• Medical Author:
    Roxanne Dryden-Edwards, MD

    Dr. Roxanne Dryden-Edwards is an adult, child, and adolescent psychiatrist. She is a former Chair of the Committee on Developmental Disabilities for the American Psychiatric Association, Assistant Professor of Psychiatry at Johns Hopkins Hospital in Baltimore, Maryland, and Medical Director of the National Center for Children and Families in Bethesda, Maryland.

  • Medical Editor: Melissa Conrad Stöppler, MD
    Melissa Conrad Stöppler, MD

    Melissa Conrad Stöppler, MD

    Melissa Conrad Stöppler, MD, is a U.S. board-certified Anatomic Pathologist with subspecialty training in the fields of Experimental and Molecular Pathology. Dr. Stöppler's educational background includes a BA with Highest Distinction from the University of Virginia and an MD from the University of North Carolina. She completed residency training in Anatomic Pathology at Georgetown University followed by subspecialty fellowship training in molecular diagnostics and experimental pathology.

What are causes and risk factors for paraphilia?

Biological issues that are thought to be risk factors for paraphilias include some differences in brain activity during sexual arousal, as well as general brain structure. Male pedophiles have been found to have lower IQ scores on psychological testing compared to men who are not pedophiles. Research has also determined that they tend to have a history of earning lower grades in school than their nonpedophilic counterparts regardless of intellectual abilities and learning styles.

There are a number of psychological theories about how paraphilias develop. Some view these disorders as a manifestation of arrested psychosexual development, with the paraphilic behaviors defending the person's psyche against anxiety (defense mechanisms). Others believe paraphilias are the result of the sufferer associating something with sexual arousal or by having unusual early life sexual experiences reinforced by having an orgasm. Some view these disorders as another form of obsessive compulsive disorder.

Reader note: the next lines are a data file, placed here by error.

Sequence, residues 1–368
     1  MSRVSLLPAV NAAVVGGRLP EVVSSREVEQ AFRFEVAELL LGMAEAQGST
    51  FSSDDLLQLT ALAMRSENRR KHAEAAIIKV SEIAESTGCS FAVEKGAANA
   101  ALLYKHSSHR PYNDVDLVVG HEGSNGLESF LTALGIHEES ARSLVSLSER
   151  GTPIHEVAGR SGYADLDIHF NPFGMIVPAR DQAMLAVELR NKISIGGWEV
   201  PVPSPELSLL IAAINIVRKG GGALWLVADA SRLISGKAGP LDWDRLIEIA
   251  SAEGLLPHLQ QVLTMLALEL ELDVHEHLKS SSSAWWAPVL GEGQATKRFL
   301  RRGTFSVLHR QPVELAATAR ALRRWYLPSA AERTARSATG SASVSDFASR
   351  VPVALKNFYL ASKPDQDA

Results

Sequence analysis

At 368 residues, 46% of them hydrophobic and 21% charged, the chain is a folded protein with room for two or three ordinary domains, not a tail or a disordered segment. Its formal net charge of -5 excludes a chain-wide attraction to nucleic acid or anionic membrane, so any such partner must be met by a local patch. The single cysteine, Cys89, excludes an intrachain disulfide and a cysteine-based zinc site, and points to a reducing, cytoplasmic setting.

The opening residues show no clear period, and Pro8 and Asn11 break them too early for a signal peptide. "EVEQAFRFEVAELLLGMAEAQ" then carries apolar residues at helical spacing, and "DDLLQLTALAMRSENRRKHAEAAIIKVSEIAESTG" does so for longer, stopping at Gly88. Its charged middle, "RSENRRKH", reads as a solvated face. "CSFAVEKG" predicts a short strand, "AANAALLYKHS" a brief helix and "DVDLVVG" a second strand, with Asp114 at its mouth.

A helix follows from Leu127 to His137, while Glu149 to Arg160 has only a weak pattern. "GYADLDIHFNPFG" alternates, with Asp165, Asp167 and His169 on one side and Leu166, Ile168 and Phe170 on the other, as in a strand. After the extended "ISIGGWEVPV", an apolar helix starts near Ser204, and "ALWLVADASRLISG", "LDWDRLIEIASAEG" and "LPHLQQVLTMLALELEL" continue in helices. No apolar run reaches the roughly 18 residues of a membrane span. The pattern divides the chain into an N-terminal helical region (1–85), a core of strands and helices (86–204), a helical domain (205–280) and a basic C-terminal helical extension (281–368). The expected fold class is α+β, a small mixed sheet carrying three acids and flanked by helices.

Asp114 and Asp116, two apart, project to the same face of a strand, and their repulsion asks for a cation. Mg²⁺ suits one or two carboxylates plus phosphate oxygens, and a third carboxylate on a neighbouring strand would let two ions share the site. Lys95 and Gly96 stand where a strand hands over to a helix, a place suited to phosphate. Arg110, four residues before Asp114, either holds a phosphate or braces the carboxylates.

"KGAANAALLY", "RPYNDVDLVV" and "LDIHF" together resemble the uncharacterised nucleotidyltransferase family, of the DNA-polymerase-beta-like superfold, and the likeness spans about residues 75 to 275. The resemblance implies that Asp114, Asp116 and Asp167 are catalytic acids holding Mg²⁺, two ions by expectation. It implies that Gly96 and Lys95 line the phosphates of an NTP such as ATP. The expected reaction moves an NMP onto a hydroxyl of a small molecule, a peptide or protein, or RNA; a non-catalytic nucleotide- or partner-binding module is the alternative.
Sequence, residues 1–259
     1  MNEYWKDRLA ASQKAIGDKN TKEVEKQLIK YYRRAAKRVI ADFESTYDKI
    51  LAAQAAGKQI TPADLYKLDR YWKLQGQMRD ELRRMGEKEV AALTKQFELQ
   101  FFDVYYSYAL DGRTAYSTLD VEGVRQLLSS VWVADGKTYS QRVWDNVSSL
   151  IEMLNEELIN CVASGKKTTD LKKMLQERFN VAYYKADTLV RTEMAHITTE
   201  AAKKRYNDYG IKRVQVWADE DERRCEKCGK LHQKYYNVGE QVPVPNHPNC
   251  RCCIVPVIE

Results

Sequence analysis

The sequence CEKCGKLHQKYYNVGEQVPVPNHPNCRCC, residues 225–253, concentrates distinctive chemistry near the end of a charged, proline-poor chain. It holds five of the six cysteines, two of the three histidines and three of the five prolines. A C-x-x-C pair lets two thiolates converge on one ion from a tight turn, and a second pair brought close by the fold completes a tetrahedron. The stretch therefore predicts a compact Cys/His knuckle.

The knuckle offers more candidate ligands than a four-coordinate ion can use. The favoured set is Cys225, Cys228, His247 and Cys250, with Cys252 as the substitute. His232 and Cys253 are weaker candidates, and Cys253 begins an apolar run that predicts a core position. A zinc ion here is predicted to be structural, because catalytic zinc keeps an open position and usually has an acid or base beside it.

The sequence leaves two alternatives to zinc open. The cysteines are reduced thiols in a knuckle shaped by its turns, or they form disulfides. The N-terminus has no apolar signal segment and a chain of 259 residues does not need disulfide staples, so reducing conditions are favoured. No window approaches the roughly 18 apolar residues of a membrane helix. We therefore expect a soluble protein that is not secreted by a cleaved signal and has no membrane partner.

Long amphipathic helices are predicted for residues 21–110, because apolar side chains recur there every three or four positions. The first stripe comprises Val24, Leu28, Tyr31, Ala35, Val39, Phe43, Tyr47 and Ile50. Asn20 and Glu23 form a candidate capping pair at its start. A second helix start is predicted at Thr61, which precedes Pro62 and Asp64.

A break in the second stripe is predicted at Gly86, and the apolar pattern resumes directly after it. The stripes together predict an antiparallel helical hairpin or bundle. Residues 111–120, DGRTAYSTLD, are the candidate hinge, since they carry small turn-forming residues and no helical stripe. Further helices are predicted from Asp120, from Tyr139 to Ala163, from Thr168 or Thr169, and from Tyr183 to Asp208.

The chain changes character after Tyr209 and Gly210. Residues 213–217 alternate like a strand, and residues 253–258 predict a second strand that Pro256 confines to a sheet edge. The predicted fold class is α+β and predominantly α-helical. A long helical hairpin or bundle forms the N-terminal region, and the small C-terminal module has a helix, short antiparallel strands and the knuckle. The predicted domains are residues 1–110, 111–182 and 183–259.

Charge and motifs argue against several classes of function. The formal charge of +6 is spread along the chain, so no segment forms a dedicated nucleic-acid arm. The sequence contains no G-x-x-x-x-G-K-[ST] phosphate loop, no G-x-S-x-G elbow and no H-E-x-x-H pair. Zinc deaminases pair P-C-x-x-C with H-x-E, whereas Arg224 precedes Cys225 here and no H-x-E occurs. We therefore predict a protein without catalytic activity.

Psychologically, pedophiles who act on their urges by sexually offending tend to engage in grossly distorted thinking, in that they use their position of power and view offending as an appropriate way to meet their needs, think about children as equal sexual beings to adults, and consider their sexual needs as uncontrollable.

Another theory about paraphilia risk factors is that they are linked to stages of childhood psychological development like temperament, early relationship formation, trauma repetition, and disrupted development of sexuality, as follows:

  • Temperament: a tendency to be overly inhibited or uncontrolled with emotions and behaviors
  • Early relationship formation: a lack of stable self-awareness, trouble managing emotions, and in seeking help and comfort from others
  • Trauma repetition: People who are abused, especially if it occurs during childhood, may identify with the abuser such that they act out what was inflicted on them by victimizing others in some way. They may also act out the trauma by somehow harming themselves.